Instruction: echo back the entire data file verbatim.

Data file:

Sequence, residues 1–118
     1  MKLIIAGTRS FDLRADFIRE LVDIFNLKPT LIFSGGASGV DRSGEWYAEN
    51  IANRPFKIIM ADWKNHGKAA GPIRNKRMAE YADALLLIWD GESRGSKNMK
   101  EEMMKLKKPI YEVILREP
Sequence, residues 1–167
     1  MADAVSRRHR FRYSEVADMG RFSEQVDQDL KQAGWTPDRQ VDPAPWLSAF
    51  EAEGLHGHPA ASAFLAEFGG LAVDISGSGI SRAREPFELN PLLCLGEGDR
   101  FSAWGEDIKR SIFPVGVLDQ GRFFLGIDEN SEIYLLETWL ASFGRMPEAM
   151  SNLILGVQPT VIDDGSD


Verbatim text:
Sequence, residues 1–118
     1  MKLIIAGTRS FDLRADFIRE LVDIFNLKPT LIFSGGASGV DRSGEWYAEN
    51  IANRPFKIIM ADWKNHGKAA GPIRNKRMAE YADALLLIWD GESRGSKNMK
   101  EEMMKLKKPI YEVILREP
Sequence, residues 1–167
     1  MADAVSRRHR FRYSEVADMG RFSEQVDQDL KQAGWTPDRQ VDPAPWLSAF
    51  EAEGLHGHPA ASAFLAEFGG LAVDISGSGI SRAREPFELN PLLCLGEGDR
   101  FSAWGEDIKR SIFPVGVLDQ GRFFLGIDEN SEIYLLETWL ASFGRMPEAM
   151  SNLILGVQPT VIDDGSD